NEW YORK (
) -- New York Attorney General Eric Schneiderman filed a lawsuit on Tuesday against the federal government to stop the development of natural gas drilling in the Delaware River Basin.
The New York Attorney General's suit alleges that the federal government didn't perform a required full environmental review of proposed natural gas drilling regulations, including fracking regulations, for the Delaware River Basin.
The fracking technique is a high-pressure method of horizontal drilling that pumps a combination of water, sand and chemicals into shale to create fractures and allow natural gas to be collected at the surface. The potential environmental risks poed by the chemicals used in the process have never been disclosed by the natural gas industry, though pressure is mounting on the industry to deal directly with the fracking disclosure issue. The fracking chemicals have come under attack for their potential to cause widespread harm to the environment and human health, a case made most publicly in the Academy Award-winning documentary,
. Fracking uses clean water, and critics contend, puts that water back into the aquifer in a polluted form through its pressure pumping technology.
is the largest leaseholders in the Marcellus Shale (which runs beneath a significant portion of the Delaware River Basin). Chesapeake Energy describes the fracking process in a fact sheet posted on its web site in April as being "99% water and sand, with a small amount of special-purpose additives." Chesapeake includes a long list of special-purpose additives which it says are common ingredients in consumer products, including in glass cleaner.
The Delaware River Basin Commission (DRBC), a federal-interstate commission with authority to take actions that may impact water resources and approved a drilling plan for the Delaware River Basin, estimates that its proposed regulations would allow 15,000 to 18,000 gas wells to be drilled within the Basin, most of which are expected to be developed by fracking.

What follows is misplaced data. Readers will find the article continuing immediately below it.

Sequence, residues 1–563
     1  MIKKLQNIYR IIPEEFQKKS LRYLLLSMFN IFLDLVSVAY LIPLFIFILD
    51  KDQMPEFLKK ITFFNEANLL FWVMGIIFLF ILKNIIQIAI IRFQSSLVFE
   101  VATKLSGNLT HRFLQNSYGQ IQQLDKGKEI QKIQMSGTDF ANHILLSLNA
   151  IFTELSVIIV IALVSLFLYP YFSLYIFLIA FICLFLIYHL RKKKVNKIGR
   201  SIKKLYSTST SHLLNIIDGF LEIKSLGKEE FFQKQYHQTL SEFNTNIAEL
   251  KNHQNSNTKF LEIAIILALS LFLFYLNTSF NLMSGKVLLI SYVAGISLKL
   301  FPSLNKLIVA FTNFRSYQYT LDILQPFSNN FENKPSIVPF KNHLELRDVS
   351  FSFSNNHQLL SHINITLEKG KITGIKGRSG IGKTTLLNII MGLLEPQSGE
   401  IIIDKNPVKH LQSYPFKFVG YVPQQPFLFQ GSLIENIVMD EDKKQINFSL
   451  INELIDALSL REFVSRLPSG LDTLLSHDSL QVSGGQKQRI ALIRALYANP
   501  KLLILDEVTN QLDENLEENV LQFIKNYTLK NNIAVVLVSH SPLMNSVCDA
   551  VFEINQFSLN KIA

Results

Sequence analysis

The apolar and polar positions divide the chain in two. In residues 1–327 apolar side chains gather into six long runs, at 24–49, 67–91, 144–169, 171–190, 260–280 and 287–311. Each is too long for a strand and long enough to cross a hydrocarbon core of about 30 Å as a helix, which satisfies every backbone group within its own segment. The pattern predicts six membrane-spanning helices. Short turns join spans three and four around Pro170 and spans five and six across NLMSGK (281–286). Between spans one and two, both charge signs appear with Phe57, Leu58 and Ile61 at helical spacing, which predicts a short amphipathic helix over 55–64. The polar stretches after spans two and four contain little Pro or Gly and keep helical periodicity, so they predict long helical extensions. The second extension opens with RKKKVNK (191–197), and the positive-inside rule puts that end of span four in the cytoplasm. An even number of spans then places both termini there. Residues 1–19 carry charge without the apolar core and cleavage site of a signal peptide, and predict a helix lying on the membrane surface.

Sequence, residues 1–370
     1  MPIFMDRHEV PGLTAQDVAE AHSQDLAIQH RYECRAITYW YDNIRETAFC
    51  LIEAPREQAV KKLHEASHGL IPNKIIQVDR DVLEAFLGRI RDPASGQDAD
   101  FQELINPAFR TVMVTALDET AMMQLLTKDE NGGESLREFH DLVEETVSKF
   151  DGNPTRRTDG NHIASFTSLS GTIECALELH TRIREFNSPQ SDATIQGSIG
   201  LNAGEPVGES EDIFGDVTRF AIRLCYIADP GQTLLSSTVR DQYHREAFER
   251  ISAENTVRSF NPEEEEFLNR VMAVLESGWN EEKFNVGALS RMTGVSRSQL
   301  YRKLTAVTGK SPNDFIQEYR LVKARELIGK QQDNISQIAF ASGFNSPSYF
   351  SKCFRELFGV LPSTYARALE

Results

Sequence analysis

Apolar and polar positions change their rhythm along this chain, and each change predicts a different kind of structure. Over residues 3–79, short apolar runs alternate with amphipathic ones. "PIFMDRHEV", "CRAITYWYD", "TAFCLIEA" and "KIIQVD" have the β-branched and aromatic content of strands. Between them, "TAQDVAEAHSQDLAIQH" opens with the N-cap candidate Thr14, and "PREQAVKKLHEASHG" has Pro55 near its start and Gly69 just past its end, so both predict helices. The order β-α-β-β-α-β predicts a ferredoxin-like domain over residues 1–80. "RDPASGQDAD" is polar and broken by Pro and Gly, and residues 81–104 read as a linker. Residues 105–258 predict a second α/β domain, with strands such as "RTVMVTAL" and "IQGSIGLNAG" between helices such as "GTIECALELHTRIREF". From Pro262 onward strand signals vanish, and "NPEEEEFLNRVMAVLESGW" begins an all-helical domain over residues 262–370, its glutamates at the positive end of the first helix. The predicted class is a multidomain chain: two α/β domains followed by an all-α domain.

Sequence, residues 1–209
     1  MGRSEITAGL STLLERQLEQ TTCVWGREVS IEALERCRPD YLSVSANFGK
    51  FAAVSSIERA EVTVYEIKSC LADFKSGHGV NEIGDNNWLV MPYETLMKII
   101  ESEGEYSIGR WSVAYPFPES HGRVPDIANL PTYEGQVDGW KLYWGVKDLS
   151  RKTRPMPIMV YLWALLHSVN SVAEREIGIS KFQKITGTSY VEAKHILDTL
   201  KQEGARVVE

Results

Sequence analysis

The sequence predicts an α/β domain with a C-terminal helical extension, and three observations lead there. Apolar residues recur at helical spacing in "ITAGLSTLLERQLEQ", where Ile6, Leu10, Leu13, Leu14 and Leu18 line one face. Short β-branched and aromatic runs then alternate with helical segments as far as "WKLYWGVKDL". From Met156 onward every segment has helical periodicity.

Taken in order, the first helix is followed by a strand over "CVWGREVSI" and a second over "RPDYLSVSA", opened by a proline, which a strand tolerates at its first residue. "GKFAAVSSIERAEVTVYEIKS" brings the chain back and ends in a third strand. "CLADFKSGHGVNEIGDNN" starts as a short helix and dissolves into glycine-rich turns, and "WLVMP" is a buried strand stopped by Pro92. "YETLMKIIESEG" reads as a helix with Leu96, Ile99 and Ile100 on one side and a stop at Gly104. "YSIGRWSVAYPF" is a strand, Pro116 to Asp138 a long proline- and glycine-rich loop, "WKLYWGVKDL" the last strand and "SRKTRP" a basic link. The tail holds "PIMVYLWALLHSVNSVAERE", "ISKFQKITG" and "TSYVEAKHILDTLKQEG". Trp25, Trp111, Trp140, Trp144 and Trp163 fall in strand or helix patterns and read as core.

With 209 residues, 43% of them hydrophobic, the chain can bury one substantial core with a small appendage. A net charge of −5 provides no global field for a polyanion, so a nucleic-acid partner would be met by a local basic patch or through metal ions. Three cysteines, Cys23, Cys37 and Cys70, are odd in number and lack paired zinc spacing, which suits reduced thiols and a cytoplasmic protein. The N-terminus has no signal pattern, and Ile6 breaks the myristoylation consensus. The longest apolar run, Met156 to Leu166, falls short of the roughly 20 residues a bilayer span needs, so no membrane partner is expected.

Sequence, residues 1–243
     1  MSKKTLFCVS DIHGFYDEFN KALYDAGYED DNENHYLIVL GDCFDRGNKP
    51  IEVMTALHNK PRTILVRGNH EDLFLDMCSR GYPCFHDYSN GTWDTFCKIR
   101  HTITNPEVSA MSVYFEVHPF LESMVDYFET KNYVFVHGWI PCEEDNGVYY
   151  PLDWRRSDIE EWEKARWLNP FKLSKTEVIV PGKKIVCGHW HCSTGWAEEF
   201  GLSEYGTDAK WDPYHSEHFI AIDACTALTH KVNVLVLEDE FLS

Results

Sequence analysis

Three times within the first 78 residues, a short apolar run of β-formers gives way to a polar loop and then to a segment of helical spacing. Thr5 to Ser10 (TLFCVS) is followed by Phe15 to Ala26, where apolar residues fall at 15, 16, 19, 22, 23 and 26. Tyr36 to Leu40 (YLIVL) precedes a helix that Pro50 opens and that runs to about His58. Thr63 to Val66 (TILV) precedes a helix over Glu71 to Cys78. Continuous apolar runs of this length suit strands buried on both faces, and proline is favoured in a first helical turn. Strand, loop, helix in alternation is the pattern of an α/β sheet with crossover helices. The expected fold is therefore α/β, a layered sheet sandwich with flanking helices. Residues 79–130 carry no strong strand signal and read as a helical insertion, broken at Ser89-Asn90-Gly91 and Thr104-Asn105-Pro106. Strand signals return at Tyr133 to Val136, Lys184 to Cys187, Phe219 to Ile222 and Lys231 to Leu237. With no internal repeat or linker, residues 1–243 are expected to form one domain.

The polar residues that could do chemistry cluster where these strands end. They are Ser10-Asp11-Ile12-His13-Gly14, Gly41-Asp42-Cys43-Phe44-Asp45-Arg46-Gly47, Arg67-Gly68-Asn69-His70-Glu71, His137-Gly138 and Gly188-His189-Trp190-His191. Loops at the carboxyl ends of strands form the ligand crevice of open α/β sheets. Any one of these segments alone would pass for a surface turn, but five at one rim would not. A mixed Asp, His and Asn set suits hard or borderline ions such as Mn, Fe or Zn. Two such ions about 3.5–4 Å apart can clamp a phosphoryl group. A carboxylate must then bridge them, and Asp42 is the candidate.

The filing of the lawsuit comes one month after New York Attorney General Schneiderman told the federal government he would take legal action if the government didn't conduct a more comprehensive environmental review.
"Before any decisions on drilling are made, it is our responsibility to follow the facts and understand the public health and safety effects posed by potential natural gas development," Attorney General Schneiderman said in a release.
Schneiderman's office said in a release that even after federal agencies determined that natural gas drilling in the Basin would potentially result in significant environmental impacts and that the study of those impacts should be performed, the U.S. Army Corps of Engineers made clear last week that it would make no such commitment. The NY Attorney General claims that the National Environmental Policy Act mandates a full review of the impact of the proposed natural gas development regulations.
The Delaware River Basin is both a recreational haven, including fishing and boating, and a source of drinking water for New York City residents.
The New York Attorney General's lawsuit is the latest twist in the long battle over "fracking" the controversial drilling method used to gain access to hydrocarbons located in the Marcellus Shale deposits that run under several Northeast states.
faced shareholder pressure at annual meetings to disclose the potential risks posed by chemicals used in the fracking process. The state Senate in Texas announced last week a law that would mandate fracking chemical disclosures from the oil and gas industry. At the Chevron annual meeting, shareholders rejected a proposal to require disclosure of potential environmental impacts from fracking chemicals, though a sizable 40% minority of shareholders voted in favor of mandating the disclosure. Only 28% of ExxonMobil shareholders voted for a similar shareholder policy.
Both ExxonMobil and Chevron said last week they are working on an industry-led effort to disclose more information about fracking chemicals. Exxon is also running an advertising campaign related to the fracking controversy.
In addition to Chesapeake Energy, independent natural gas producers
Cabot Oil & Gas
are among drillers active in the Marcellus Shale.
-- Written by Eric Rosenbaum from New York.
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